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Santa Monica, California Enacts Enhanced Minimum Wage and Paid Sick Leave Law

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Joining sister cities San Francisco, Oakland and Emeryville, Santa Monica has enacted its own minimum wage and sick leave ordinance just a mere two weeks after it was initially proposed.

The minimum wage provisions basically mirror those of Los Angeles, raising the rate to $15.00 by 2020. Santa Monica earned the honor of being the first municipality in Southern California to enact its own sick leave legislation, and for the first to enter the ring is providing employees with a much larger package than we’ve prior reported on in our blog. Santa Monica employees may accrue up to 72 hours of sick leave, with mandatory accrual and carry-over requirements. This is well in excess of state paid sick leave requirements. Both the provisions – minimum wage and paid sick leave – go into effect on July 1, 2016.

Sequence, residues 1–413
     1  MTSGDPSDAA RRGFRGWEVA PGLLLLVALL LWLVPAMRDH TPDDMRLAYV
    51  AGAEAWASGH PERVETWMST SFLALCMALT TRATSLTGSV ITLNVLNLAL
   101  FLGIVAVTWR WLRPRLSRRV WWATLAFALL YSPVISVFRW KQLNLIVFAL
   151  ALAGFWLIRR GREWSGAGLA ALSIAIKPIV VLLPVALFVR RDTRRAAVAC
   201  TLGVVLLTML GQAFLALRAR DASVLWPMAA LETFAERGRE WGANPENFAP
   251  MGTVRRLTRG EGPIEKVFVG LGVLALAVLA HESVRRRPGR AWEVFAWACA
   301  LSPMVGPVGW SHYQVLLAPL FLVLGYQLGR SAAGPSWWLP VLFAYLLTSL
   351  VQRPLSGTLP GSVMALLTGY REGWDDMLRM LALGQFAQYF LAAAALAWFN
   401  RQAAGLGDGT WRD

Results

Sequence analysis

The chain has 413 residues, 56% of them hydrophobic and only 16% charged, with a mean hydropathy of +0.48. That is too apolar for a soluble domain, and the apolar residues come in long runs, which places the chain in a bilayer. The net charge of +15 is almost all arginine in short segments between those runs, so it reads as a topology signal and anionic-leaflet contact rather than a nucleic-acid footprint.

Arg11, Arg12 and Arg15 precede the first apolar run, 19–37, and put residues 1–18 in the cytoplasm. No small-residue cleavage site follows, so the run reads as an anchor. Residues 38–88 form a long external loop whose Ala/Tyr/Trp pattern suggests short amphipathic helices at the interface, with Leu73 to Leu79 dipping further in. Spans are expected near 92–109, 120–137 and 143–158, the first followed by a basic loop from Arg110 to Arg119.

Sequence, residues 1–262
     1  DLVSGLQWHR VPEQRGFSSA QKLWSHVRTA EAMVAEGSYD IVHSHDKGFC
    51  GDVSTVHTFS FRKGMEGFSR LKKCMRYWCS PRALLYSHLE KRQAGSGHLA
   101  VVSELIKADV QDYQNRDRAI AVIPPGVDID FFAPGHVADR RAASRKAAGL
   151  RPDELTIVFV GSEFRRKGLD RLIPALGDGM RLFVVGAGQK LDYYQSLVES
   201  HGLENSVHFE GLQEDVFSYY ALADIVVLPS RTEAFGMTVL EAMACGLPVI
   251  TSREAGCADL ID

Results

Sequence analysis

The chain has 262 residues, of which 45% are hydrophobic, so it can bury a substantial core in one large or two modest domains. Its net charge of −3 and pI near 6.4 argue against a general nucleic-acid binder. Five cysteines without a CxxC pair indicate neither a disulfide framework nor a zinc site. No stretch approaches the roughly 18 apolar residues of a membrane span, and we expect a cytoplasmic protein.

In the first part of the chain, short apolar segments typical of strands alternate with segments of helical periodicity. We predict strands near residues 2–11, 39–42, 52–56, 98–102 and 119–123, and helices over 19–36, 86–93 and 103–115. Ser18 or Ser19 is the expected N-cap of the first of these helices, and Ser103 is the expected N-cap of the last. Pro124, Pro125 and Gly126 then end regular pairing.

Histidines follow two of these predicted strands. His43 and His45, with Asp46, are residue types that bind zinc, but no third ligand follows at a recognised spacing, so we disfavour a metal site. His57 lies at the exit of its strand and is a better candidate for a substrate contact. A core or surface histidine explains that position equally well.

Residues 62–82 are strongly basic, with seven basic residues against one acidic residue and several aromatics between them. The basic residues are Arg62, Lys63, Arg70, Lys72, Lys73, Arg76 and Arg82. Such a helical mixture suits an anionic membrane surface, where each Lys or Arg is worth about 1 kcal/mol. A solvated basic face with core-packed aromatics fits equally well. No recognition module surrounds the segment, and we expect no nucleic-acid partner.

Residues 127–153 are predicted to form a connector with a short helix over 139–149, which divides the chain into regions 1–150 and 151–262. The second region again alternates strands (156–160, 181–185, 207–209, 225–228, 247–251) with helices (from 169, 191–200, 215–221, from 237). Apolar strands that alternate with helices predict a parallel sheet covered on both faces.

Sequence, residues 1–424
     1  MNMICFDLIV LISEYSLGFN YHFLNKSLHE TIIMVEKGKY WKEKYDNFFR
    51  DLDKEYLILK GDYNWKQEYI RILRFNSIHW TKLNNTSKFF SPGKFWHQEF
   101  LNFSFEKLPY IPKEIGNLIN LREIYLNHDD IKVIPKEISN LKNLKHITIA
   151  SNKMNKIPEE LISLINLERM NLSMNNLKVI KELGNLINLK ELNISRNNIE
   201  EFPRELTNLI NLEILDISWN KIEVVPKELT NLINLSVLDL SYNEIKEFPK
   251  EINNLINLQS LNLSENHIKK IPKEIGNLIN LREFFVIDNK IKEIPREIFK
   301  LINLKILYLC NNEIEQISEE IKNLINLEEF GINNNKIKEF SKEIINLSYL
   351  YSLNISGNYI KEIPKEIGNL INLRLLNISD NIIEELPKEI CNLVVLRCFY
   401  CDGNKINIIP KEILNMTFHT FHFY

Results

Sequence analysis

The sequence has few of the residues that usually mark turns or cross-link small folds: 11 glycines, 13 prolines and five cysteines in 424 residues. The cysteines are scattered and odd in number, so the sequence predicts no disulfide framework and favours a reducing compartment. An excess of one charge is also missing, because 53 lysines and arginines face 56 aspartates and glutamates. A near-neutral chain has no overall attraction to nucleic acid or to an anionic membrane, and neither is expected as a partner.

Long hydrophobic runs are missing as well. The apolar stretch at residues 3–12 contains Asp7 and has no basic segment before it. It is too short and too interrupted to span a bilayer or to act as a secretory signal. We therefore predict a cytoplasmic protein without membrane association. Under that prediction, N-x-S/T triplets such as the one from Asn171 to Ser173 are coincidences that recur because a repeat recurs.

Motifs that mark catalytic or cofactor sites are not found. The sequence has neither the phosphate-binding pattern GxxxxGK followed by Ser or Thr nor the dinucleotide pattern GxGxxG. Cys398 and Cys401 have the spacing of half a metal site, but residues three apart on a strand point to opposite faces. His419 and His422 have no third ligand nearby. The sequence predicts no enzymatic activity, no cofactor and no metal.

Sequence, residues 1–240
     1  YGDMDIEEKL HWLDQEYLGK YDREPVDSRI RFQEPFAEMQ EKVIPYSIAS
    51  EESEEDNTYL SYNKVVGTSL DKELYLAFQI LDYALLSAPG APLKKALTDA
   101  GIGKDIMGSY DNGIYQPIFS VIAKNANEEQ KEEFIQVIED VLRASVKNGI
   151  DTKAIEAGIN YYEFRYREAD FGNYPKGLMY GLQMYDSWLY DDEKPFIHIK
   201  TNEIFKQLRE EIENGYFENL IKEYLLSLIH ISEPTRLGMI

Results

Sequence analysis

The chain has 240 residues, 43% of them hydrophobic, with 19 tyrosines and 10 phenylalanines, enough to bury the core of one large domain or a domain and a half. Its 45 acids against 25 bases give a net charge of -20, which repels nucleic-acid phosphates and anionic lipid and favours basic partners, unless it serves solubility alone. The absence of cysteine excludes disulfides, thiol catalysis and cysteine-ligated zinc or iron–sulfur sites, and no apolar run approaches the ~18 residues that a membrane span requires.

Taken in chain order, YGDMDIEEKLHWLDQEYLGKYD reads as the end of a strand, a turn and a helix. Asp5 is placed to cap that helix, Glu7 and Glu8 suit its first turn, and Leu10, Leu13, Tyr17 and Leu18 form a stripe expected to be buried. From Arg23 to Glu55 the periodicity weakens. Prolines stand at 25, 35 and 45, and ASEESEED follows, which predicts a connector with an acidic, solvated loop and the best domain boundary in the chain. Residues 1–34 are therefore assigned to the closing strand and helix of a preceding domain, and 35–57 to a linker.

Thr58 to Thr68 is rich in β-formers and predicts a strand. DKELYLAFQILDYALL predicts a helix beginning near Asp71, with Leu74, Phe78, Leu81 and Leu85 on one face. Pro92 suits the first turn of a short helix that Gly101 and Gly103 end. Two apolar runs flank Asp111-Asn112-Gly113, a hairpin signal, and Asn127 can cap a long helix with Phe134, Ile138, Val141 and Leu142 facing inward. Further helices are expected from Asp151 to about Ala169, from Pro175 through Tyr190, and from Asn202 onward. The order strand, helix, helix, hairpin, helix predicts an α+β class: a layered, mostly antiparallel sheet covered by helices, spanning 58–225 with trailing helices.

The law basically covers any employee who works at least two hours a week in Santa Monica, subject to a few limited exceptions. These exceptions include federal, state, county and city government employees. Also excluded are employees who have waived their rights to paid sick leave in collective bargaining agreements if the waiver is explicitly set forth in the agreement in clear and unambiguous terms. Smaller employers (26 or under employees) are only mandated to allow employees to accrue up to 40 hours of unpaid sick leave. In both cases (over or under 26 employees), the leave is available to employees after the first 90 days of employment.

Employers with employees doing work in Santa Monica should take steps now to ensure full compliance with the new law. Review and revise as necessary all existing paid sick leave policies and procedures, and update all pay systems to allow for accrual depending on the size of the company; review all policies on anti-retaliation, attendance, conduct and discipline to prevent retaliation and interference claims under the law; ensure timekeeping, payroll and benefits systems will be in compliance with the new law; and prepare for the incremental pay increases that will begin on July 1.

Hilary Atkins

Posted In: Legal

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